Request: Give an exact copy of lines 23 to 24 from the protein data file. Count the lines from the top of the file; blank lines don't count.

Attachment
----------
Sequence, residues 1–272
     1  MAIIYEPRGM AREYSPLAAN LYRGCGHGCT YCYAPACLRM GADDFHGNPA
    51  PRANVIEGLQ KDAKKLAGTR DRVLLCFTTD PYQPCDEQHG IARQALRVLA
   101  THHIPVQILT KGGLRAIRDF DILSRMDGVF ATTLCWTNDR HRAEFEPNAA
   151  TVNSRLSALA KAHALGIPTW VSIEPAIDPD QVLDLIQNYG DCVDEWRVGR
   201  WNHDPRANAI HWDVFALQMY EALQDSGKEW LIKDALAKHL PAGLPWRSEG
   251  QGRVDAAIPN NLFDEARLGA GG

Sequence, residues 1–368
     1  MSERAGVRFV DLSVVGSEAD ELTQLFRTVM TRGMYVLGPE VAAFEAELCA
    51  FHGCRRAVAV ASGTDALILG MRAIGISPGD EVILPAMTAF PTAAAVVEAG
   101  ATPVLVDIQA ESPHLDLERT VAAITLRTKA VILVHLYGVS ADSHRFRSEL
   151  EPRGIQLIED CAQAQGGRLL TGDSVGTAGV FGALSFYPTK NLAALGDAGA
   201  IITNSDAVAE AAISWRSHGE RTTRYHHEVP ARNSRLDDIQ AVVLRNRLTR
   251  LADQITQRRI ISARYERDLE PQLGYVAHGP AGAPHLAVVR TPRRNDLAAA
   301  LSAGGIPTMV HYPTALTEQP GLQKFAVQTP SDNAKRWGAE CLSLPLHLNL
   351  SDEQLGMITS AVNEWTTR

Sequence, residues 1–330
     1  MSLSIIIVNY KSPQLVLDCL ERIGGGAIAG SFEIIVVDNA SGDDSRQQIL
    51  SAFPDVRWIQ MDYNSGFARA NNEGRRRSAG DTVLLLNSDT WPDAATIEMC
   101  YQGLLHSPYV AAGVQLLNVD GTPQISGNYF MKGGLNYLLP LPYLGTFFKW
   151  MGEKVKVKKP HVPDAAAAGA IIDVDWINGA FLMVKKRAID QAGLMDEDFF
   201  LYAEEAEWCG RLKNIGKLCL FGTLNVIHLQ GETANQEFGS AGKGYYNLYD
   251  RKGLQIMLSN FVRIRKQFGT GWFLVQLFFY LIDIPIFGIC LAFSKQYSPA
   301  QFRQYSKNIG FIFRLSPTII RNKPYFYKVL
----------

   251  RKGLQIMLSN FVRIRKQFGT GWFLVQLFFY LIDIPIFGIC LAFSKQYSPA
   301  QFRQYSKNIG FIFRLSPTII RNKPYFYKVL